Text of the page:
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How to Find Your MAHR (Maximum Aerobic Heart Rate)

I was intrigued by an article in trailrunnermag.com about training easy with heart-rate training. After a thorough read, I think I’ll give it a try after my Fall marathon to help build a strong aerobic base during the winter and spring. The summary of the story was that many runners end up training anaerobically (not intentionally), at a heart rate above their MAHR. According to Phil Maffetone, “95-99% of the energy used for endurance sports, including competition, is derived from the aerobic system.” You’ll burn through glycogen in your muscles an liver (2-3 hours’ worth) if you’re training or competing above MAHR, but if you can stay below it, in the aerobic zone, you rely on fat stores (good enough for 100+ hours of activity).

If you stay below your maximum aerobic heart rate, you'll burn fat instead of glycogen #mahr Click To Tweet

Find Your MAHR Method 1: Phil Maffetone’s 180 Formula

Phil Maffetone suggests a formula of 180 minus your age, with several adjustments based on your training history (see link above for adjustments). For me, the 180 formula asks me to add 5 if I have been training for more than two years without any of the problems listed (again, see the link above for details), and have made progress in competition without injury, add 5.

For me, this is 180-42 = 138 + 5 = 143

[Your MAHR] must be the highest heart rate for all training. This allows you to most efficiently build an aerobic base. Training above this heart rate rapidly incorporates anaerobic function, exemplified by a shift to burning more sugar and less fat for fuel.

Find Your MAHR Method 2: Friel’s 30-minute Workout Method

Elite coach Joe Friel, author of Fast After 50, recommends using a workout to find your MAHR, during which you run at the “maximum, consistent effort you can sustain for 30 minutes. I headed out for a 5-mile run at marathon pace, which was about the pace I could do on this hot and humid morning. Friel suggests using a lap counter after 10 minutes to signify the start of the heart rate data capture. After 20 more minutes of sustained effort, stop that lap counter and calculate the average heart rate.

I uploaded my whole workout to Strava, since it was longer than 45 minutes. I exported the GPX file, deleted some of the data in a text editor to get the 20 minute span I was interested in, and re-uploaded it to have Strava do the heavy lifting of calculating the average heart rate. You could just as easily capture the 20 minutes during your workout, by starting a new workout after 10 minutes, then stopping that workout 20 more minutes in.

I found that my average heart rate for this span was 159 bpm. Multiply that by 0.9, according to running-specific charts in Friel’s book, Total Heart-Rate Training, I’d get an approximation of my MAHR: 143.1 bpm. That’s uncannily close to the 143 I got using the 180 formula!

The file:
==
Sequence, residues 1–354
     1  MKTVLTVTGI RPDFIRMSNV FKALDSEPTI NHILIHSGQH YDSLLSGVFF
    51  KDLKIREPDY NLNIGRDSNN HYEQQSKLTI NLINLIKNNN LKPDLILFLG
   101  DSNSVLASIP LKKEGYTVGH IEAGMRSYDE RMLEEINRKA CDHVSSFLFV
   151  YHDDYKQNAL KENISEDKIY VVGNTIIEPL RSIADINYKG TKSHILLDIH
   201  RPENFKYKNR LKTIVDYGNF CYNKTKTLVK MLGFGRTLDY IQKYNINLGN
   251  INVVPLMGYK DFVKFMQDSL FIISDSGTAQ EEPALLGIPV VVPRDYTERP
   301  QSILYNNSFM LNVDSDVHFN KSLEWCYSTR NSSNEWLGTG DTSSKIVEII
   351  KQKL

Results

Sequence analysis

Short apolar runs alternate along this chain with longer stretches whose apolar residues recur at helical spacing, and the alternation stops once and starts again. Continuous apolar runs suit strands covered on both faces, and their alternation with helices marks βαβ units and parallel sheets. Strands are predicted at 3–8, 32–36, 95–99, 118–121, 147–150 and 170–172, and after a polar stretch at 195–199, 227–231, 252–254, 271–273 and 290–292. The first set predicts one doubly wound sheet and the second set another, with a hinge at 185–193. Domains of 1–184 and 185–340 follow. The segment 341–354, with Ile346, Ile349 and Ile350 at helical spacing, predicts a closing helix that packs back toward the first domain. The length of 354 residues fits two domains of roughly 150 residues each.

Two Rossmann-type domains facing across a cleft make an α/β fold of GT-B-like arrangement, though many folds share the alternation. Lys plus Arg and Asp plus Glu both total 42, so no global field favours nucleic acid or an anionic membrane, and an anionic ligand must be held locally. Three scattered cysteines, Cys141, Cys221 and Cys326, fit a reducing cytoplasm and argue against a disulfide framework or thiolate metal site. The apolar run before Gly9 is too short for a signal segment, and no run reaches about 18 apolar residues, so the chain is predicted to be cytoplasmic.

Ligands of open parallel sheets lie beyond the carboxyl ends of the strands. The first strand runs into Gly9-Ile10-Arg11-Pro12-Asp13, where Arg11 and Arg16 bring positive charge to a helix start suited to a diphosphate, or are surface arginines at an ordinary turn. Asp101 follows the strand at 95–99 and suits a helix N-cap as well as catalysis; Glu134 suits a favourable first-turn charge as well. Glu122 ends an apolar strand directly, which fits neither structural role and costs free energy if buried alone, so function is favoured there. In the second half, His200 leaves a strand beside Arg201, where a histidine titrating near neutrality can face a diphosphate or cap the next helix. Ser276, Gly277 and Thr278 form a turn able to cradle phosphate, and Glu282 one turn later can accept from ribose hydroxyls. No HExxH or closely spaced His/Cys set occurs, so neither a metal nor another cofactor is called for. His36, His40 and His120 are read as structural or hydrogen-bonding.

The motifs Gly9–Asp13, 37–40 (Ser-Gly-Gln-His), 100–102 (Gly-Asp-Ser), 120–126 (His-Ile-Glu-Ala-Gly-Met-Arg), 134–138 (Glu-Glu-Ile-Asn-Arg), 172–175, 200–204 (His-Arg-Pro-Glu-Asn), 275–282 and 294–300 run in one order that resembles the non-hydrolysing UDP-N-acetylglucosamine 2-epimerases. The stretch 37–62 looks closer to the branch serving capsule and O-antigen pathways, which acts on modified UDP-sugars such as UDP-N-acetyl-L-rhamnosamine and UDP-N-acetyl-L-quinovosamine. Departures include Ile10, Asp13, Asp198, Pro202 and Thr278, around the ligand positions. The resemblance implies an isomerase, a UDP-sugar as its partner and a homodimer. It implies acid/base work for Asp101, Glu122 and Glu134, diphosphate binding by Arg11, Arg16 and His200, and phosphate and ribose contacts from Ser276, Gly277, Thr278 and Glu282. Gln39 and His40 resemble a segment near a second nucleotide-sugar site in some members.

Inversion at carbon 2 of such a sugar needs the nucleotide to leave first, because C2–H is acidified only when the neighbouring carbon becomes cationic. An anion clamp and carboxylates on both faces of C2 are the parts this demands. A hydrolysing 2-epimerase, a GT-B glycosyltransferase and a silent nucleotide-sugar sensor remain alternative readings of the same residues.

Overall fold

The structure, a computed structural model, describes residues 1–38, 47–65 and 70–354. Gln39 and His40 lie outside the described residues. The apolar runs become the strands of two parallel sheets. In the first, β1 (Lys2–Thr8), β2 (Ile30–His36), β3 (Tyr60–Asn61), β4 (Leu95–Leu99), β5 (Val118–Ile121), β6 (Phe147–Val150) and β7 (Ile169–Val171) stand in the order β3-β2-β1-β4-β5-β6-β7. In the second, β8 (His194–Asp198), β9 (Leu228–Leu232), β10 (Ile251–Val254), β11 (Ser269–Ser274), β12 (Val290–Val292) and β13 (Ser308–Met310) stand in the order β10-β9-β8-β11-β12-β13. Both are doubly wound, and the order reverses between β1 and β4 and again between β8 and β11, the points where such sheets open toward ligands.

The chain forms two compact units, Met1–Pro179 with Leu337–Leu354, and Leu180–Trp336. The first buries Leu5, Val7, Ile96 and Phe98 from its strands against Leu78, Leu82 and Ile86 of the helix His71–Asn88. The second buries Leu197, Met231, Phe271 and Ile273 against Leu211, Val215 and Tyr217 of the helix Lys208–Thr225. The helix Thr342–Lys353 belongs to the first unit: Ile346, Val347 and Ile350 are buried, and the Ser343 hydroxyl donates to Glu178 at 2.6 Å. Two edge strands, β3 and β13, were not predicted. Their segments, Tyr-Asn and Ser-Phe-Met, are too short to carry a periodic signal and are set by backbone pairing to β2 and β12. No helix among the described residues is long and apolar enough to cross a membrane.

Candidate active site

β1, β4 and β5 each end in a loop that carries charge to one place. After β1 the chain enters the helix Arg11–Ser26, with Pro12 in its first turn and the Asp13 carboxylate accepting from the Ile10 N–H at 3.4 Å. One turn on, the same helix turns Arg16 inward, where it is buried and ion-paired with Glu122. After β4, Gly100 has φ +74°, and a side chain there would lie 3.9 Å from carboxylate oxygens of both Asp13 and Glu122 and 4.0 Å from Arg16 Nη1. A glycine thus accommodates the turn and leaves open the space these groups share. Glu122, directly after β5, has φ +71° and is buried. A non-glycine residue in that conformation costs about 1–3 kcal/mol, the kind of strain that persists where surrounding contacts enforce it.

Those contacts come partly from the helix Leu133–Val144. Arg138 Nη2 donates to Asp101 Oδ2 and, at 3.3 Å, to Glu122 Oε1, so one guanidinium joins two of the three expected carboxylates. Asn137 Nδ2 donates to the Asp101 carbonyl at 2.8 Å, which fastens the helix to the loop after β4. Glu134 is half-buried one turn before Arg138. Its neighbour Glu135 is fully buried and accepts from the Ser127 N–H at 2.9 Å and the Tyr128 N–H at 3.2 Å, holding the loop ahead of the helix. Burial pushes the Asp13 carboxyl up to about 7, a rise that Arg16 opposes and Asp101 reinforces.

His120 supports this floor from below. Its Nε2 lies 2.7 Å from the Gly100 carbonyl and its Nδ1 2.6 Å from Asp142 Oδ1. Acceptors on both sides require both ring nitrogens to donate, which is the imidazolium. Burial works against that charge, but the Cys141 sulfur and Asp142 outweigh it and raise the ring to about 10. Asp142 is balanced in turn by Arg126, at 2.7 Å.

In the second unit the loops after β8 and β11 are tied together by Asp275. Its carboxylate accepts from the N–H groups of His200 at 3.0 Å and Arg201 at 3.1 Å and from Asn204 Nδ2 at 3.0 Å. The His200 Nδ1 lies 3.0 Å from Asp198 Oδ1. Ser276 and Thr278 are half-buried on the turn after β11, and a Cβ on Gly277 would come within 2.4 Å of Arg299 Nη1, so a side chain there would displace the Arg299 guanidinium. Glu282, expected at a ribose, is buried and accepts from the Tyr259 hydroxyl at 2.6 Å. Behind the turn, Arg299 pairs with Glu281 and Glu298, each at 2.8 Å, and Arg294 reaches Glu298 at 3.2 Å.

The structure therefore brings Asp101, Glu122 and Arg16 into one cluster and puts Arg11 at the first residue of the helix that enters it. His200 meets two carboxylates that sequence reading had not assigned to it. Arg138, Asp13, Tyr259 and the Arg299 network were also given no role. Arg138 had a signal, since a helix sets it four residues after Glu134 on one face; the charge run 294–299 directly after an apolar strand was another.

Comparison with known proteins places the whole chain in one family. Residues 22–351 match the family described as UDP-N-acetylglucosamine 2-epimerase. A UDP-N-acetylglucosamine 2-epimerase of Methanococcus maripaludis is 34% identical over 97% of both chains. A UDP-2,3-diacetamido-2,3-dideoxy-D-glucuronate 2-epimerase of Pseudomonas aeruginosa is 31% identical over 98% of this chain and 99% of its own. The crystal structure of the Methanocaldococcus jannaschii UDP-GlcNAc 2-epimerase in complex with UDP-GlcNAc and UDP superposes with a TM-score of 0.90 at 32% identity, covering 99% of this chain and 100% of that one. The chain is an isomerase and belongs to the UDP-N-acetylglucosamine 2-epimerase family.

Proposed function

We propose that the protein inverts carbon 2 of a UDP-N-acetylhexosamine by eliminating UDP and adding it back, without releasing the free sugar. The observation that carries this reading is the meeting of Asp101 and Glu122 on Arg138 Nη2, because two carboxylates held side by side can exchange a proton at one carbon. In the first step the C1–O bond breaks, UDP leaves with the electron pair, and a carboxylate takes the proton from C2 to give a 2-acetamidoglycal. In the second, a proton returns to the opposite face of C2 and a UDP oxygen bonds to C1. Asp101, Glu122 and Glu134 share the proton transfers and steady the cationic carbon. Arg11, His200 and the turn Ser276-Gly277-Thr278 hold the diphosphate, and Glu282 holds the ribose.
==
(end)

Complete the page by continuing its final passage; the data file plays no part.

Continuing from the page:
How does this correlate to my running assessment?

I got a running assessment last year from Cayuga Medical Center, and got a personalized report of my heart rate zones as part of the VO2 max test. The MAHR calculation jives well with this report, with my Zone 2 (aerobic) between 120 and 139. So, if I stay below 143 I’ll stay in this zone and reap the benefits of aerobic training. We’ll see how it goes!

Zone 1, Recovery: HR <125
HR<50% VO2max, RPE <12: Easy training zone with purpose of absorbing heavier training days and minimize risk of overtraining

Zone 2, Base Training Zone: HR 120-139
HR 50-60% VO2max, RPE 12-13: Aerobic zone of moderate intensity. Most of off season training should be spent in this zone with the goal of building a training base.

Zone 3 Ventilatory Threshold: HR 140-155
HR ~60% VO2max, RPE 14-15. Training in this zone will increase your tolerance to lactate and raise your anaerobic threshold. Individuals can remain in this zone for less than 1 hour. This zone is usually typical race pace.

Zone 4, Interval Training Zone: HR 156-186
HR 75%-100% VO2max, RPE 16-19. Can sustain training within zone for 90 seconds to 5 minutes. This zone is beyond lactate threshold and increases VO2max and enhances anaerobic metabolism.

Zone 5, High Intensity Training Zone: HR 187
HR 100% VO2max or higher, RPE 19 or 20. This zone is at or above VO2max and can only be sustained for short bouts of approximately 30-90 seconds.

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    1. Thanks for asking, Mat! It went pretty well. I didn’t follow it religiously, as I bled into Zone 3 for a few times, but I did spend most of the winter and spring in my Zone 2. I ran 5 half marathons between April and June, and I think the attention to heart rate helped me. http://new.scottpdawson.com/2016-year-half-marathon

      I am fairly certain I’ll be signing up for a 50M this coming year, so will spend more time with these slower runs to build a solid aerobic base for that effort, too. I’m sure it’ll pay off even more given the long effort that race will be (10+ hours). That training will start in December, leading up to a May race. Looking forward to it!

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